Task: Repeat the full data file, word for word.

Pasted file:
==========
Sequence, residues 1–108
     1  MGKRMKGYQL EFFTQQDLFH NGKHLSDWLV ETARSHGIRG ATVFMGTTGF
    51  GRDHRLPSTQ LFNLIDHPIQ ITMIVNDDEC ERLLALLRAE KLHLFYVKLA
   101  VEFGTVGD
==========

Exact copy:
Sequence, residues 1–108
     1  MGKRMKGYQL EFFTQQDLFH NGKHLSDWLV ETARSHGIRG ATVFMGTTGF
    51  GRDHRLPSTQ LFNLIDHPIQ ITMIVNDDEC ERLLALLRAE KLHLFYVKLA
   101  VEFGTVGD